Theory and Algorithms
Theoretical computer science develops efficient algorithms and explores fundamental barriers to efficient and secure computation. Advances in algorithms can provide dramatic performance gains, which are critically important as the era of Moore's Law—and its promise of ever-increasing processor speeds—draws to a close.
Our faculty develop algorithms to find optimal paths, trees, flows, clusters, and other important combinatorial structures in geometric and network data. For problems where computing the best possible solution is prohibitively expensive, we develop fast approximation algorithms to compute provably good solutions, and we explore the limits of what cannot even be approximated quickly. We develop algorithms that exploit geometric, algebraic, and topological properties of data that arise naturally in practice. Within cryptography, we develop protocols for secure multiparty computation and code obfuscation. In algorithmic game theory, we study the impact of strategic behavior among multiple agents. Our research, in addition to its fundamental importance, has many near-term applications in Computer Science and beyond.
CS Faculty and Their Research Interests
|Timothy Chan||computational geometry|
|Chandra Chekuri||algorithms, optimization|
|Jeff Erickson||computational geometry and topology, algorithms|
|Michael Forbes||computational complexity|
|Brighten Godfrey||networked systems theory, distributed algorithms|
|Sariel Har-Peled||computational geometry, geometric approximation algorithms|
|Sheldon Jacobson||optimization, operations research|
|Alexandra Kolla||complexity theory, spectral methods for graph algorithms|
|Ruta Mehta||algorithmic game theory, mathematical economics, efficient algorithms|
|Leonard Pitt||AI and theoretical computing|
|Matus Telgarsky||machine learning theory|
|Mahesh Viswanathan||algorithmic verification of cyberphysical systems|
|Tandy Warnow||multiple sequence alignment, phylogenomics, metagenomics, and historical linguistics|
|Karthik Chandrasekaran, Industrial & Enterprise Systems Engineering||combinatorial optimization, integer programming, probabilistic methods and analysis, randomized algorithms|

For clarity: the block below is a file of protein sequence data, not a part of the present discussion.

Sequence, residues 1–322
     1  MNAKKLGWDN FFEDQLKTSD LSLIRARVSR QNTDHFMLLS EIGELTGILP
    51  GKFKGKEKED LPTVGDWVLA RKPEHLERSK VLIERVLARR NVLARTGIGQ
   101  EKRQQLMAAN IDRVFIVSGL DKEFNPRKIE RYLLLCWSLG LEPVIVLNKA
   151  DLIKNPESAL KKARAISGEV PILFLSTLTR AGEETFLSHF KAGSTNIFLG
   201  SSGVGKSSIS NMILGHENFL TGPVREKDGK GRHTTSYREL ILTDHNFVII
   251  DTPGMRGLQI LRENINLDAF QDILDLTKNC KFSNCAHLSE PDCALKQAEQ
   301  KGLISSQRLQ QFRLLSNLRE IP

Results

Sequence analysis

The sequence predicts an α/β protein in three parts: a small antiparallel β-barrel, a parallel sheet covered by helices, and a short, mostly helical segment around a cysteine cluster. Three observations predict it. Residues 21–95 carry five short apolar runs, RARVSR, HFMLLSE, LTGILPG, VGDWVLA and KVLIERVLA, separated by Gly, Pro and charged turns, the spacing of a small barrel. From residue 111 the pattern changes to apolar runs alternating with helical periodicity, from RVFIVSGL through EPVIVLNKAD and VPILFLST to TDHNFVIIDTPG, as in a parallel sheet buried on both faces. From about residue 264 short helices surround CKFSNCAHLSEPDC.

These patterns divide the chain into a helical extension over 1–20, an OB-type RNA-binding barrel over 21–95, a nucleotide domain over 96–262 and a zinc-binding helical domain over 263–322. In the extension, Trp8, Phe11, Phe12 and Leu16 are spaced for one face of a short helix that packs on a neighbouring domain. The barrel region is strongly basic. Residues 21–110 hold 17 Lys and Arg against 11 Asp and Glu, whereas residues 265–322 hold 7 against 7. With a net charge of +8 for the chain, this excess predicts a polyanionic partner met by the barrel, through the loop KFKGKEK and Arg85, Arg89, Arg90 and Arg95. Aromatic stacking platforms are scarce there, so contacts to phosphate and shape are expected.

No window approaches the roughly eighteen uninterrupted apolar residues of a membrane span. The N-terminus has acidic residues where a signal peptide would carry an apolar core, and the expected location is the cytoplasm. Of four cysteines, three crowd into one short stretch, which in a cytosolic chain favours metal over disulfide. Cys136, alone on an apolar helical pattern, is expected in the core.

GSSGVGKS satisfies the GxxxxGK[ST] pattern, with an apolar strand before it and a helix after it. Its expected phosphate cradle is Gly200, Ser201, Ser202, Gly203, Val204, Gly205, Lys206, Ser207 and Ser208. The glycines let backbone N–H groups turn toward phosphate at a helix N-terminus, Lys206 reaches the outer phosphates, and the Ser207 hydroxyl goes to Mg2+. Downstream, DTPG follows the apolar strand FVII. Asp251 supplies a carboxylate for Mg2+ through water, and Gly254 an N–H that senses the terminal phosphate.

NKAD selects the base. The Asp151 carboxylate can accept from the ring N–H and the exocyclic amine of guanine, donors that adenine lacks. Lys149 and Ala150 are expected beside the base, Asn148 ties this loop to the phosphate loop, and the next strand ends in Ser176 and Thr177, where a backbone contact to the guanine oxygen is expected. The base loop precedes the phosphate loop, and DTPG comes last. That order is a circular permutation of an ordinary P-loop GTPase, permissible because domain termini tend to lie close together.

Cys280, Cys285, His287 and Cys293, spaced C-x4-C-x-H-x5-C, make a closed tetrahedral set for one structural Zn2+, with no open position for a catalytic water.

|Negar Kiyavash, Electrical & Computer Engineering and Industrial & Enterprise Systems Engineering||learning, statistical signal processing, and information theory; causality; network forensics|
|Rakesh Nagi, Industrial & Enterprise Systems Engineering||social networks, graph algorithms, applied operations research, discrete optimization|
|Manoj Prabhakaran, IIT Bombay||cryptography, secure multi-party computation|
Related Theory and Algorithms Research Efforts and Groups
- Information Trust Institute (ITI) in the Coordinated Science Lab
- Carl R. Woese Institute for Genomic Biology (IGB)
- Theory and Algorithms Group
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Theory and Algorithms Research News
WCIA-TV -- A submarine created by Illinois Computer Science students and other students from the College of Engineering is headed to a national competition. The autonomous submarine will compete in the International Robosub Competition in San Diego.
The University Network -- A team of researchers led by Assistant Professor Mohammed El-Kebir has developed a new method to track the spread of cancer cells, yielding a clearer understanding of cancer migration than ever before. Their algorithm, called MACHINA, tracks the spread of cancer cells.
WXIA-TV Atlanta -- CS Professor Sheldon Jacobson is interviewed in this story on the arrest of a man who rushed a Delta Airlines plane on the tarmac at Atlanta's airport. "It doesn't scare me because there were enough checkpoints and layers in place ..." Jacobson appears at 1:42 in the video version of the story.
The Engineer -- CS Assistant Professor Jian Peng and other Illinois researchers have developed a new algorithm to eliminate the compromise between high resolution and high frequency in satellite imagery by fusing data into one integrated product. Coverage also by LaserFocusWorld and AgPro.
WBEZ's Morning Shift -- Going into the NCAA Tournament, WBEZ sports contributor Cheryl Raye-Stout created her own bracket to compete with one created by CS Professor Sheldon Jacobson's Bracket Odds website. With the tournament now over, who had the better bracket?